Peru’s business community reacted to Ollanta Humala’s election as president in June by dumping mining stocks, triggering the biggest plunge in Lima’s bourse in two decades. Now the one-time ally of Venezuela’s Hugo Chavez may be their best bet for defending $50 billion in mining investment.
When Alan Garcia ’s first term as president of Peru ended in 1990, the economy had shrunk by 10 percent, inflation was raging at 7,000 percent, and half the population lived in government-declared emergency zones where Maoist guerrillas were active.
The race to succeed President Alan Garcia of Peru, a country where one-third of the populace lives in poverty, may be decided in up-and-coming neighborhoods such as Independencia where children of peasants who fled the countryside now work and shop at the nation’s biggest mall.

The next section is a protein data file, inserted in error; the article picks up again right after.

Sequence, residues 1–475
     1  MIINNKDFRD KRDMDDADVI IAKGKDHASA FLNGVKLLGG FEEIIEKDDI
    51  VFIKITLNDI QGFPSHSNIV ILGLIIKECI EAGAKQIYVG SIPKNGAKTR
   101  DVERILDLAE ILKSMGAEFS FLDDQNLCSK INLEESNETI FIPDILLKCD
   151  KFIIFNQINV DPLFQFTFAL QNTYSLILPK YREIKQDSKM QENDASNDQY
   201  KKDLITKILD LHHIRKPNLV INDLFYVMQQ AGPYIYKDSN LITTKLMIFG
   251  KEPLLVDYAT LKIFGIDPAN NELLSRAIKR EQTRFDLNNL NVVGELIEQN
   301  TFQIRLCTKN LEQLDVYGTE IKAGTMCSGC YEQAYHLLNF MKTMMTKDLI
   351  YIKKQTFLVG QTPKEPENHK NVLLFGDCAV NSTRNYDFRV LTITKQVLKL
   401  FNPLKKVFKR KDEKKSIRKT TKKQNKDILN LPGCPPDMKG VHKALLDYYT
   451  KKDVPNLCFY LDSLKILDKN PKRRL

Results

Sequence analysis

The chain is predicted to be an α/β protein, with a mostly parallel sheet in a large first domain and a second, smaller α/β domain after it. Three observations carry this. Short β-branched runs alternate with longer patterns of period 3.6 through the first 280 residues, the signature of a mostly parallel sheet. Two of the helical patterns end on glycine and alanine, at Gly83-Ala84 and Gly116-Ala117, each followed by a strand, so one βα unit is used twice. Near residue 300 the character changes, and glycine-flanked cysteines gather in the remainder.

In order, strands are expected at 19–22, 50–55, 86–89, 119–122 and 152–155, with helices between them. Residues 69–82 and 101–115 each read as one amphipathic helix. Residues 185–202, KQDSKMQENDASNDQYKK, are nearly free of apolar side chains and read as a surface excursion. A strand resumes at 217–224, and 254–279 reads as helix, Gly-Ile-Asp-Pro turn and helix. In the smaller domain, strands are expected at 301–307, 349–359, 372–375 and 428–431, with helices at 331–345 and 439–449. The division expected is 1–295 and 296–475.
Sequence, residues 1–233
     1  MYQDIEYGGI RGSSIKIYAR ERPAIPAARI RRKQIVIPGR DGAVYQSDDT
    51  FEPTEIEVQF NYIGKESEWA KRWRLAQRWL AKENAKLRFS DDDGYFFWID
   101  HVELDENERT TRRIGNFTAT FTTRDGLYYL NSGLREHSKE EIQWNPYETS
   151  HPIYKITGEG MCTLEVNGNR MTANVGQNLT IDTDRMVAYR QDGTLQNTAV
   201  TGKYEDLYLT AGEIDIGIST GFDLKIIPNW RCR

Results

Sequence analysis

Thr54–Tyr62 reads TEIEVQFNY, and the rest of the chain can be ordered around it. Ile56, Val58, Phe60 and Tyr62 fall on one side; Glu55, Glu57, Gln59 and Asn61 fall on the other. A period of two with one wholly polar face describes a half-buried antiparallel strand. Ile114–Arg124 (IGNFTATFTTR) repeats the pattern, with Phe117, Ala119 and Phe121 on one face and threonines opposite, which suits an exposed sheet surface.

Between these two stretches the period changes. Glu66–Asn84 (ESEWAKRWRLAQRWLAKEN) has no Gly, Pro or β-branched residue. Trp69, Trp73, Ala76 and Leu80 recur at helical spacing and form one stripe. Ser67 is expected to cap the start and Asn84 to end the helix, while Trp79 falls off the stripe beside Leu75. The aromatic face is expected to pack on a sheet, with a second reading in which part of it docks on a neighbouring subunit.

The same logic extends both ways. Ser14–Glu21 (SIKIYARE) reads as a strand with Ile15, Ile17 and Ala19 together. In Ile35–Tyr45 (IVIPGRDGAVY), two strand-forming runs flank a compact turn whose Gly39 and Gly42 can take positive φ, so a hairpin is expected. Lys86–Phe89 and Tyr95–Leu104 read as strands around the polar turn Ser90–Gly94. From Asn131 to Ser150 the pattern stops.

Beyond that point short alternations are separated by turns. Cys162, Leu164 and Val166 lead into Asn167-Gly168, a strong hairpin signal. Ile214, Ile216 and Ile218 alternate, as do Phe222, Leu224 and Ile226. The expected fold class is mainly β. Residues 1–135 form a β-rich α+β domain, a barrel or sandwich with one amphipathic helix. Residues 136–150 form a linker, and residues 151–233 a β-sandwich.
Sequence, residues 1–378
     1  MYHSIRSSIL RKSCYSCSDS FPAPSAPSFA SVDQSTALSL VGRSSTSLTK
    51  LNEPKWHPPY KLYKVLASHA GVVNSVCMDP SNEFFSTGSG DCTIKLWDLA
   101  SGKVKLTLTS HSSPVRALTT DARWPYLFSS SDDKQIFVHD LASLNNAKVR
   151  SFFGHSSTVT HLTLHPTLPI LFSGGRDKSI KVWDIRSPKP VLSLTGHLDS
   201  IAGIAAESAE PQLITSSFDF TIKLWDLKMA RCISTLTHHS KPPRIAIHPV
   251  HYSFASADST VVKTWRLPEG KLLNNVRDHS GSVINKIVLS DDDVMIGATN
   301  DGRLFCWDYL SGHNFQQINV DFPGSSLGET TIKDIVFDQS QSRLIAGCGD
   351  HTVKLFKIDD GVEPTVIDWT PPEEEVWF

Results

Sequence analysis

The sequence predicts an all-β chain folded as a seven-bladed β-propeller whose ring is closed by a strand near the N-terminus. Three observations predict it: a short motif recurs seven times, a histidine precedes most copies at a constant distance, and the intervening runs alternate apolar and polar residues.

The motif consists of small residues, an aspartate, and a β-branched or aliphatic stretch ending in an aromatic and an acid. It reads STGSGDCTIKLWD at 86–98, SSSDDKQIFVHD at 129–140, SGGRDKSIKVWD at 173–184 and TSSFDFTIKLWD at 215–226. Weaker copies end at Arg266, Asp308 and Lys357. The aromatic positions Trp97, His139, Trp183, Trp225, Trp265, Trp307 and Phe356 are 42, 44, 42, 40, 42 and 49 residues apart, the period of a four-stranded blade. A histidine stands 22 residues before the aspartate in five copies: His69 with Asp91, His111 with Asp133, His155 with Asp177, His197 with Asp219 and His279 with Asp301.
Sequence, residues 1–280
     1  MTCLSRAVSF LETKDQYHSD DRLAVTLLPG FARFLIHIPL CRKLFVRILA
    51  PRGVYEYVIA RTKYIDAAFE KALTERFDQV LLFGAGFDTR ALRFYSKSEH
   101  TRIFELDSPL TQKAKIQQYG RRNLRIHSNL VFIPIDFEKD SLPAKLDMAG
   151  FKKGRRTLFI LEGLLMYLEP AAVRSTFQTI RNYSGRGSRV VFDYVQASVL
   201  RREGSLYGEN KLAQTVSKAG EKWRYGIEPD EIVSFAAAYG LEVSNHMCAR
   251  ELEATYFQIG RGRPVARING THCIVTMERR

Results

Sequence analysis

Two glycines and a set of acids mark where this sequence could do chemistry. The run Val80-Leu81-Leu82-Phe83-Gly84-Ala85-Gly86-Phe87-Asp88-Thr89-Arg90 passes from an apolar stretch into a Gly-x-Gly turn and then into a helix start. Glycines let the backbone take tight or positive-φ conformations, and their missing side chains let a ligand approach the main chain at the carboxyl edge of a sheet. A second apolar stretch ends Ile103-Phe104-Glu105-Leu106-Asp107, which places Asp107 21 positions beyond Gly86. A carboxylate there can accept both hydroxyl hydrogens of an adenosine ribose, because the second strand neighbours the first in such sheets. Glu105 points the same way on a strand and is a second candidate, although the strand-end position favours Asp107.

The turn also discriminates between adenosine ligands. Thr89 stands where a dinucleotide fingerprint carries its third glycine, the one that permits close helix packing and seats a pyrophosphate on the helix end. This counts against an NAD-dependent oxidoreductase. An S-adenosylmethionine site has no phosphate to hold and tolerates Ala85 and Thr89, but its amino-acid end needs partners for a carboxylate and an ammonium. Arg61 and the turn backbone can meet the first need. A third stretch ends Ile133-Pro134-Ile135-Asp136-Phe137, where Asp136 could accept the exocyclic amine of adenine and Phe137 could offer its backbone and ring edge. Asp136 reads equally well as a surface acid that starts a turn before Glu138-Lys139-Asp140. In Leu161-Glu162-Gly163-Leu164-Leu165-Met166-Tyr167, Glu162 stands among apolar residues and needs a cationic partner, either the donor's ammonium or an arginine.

Ollanta Humala campaigned for Peru’s presidency in 2006 wearing red T-shirts and expressing admiration for Venezuelan socialist leader Hugo Chavez . This year, he’s donning business suits and vowing to expand ties with investor-favorite Brazil.
Ollanta Humala convinced a bare majority of voters that Peru’s booming economy would be safe with him as president. Now he must calm nervous investors, starting with his choices for finance minister and the rest of his cabinet.
ICE Trust U.S. LLC, the world’s largest clearinghouse for credit-default swaps, withdrew its Nov. 12 application to the U.S. Commodity Futures Trading Commission to be registered as a designated clearing organization.